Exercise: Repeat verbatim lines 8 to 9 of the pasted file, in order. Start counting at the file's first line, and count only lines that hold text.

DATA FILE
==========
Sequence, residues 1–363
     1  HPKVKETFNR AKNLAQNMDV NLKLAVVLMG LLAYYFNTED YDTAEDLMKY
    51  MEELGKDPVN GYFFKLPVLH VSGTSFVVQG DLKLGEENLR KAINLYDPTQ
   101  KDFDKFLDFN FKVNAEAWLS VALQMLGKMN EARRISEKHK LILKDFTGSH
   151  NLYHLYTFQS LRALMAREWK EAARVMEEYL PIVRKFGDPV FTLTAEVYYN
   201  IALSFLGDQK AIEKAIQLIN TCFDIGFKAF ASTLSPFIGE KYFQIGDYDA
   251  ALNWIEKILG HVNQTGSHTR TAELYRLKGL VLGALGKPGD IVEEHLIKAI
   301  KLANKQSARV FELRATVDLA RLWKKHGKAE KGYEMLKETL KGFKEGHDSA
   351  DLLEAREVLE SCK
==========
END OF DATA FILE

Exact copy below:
   301  KLANKQSARV FELRATVDLA RLWKKHGKAE KGYEMLKETL KGFKEGHDSA
   351  DLLEAREVLE SCK